So, one step further, we’ve got the instance method read_a_line to deal with, defined in lines 45 through 71. And here’s where the include files are expanded. First, the instance variable Handles is stuffed into the local variable $handles in line 48. We’ll use a naked block once again to createa looping control structure that doesn’tinvolve a goto in lines 49 through 70.

Line 50 ensures that we have some handle to read from. Of course, the first time in, it’ll be the handle initially created in TIEHANDLE. This is actually a stack that can grow and shrink as include files are noted or files reach their end. If we’ve gotten to the end of the last file, it’s time to return undef to designate end-of-file.

Line 51 takes the most interesting filehandle (the one that we’re currently reading from) and reads a line from it in line 52, using an indirect filehandle read-line operation. (I pondered a design for a few minutes that would let this be a tied filehandle, but decided that it would be too mind-boggling a simple explanation.)

If the line cannot be read, lines 54 and 55 remove the now-useless filehandle and restart the logic back at line 50. That gets us back out of the nested include files, and even lets us quit at the end of the initial file.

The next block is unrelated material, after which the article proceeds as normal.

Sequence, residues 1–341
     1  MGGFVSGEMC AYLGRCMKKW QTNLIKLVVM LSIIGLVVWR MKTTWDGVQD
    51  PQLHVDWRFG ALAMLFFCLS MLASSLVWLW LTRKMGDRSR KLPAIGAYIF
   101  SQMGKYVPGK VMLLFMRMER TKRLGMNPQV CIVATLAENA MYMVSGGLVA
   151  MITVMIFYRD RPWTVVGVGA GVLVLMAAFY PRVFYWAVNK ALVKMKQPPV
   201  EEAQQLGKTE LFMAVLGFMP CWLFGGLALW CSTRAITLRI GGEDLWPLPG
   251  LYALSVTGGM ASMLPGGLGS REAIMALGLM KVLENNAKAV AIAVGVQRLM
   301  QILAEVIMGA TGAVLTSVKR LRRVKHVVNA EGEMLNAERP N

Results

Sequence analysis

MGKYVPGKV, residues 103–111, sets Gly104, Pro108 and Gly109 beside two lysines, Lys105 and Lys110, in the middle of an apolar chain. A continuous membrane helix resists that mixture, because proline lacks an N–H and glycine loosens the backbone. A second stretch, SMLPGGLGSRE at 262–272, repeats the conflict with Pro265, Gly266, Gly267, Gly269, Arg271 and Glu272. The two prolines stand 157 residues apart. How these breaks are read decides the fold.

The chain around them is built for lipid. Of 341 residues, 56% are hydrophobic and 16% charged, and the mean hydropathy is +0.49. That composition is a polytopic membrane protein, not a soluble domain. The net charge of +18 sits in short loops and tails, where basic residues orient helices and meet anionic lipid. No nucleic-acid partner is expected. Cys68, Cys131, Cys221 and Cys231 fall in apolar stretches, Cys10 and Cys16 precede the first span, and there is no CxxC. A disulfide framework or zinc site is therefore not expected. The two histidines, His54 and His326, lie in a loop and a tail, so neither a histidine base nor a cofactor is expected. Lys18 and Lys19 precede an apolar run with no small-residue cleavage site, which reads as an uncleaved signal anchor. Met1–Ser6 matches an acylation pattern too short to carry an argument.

Lines 57 to 60 determine if we’re staring at an include filename. Line 58 sets up the $_ variable, and line 59 invokes the coderef stashed as the Code instance variable. Whatever is returned ends up in $filename.

If $filename is anything but undef, we’ve got a valid filename that must be included to replace this line. Line 62 attempts to open that file, and if successful, places the newly opened filehandle at the head of the queue (line 63). Otherwise (line 65), we’ll squawk at the user, and go get another line. Line 67 dumps us back at the input fetching starting at line 50.

If we make it down to line 69, we’veseen a good text line from somewhere, and we’re ready to read it.

All files brought in with use or require must end in a true value. To be cute, I put the string 0but true in line 73 as this particular file’s true value — a self-documenting string.

This is mostly a toy example of a tied filehandle, but you can learn more about them by invoking perldoc perltie. There are also examples in some CPAN modules and in the Perl Cookbook (from O’Reilly and Associates). Until next time, have fun!

Randal L. Schwartz is chief Perl guru at Stonehenge Consulting. He can be reached at merlyn@stonehenge.com.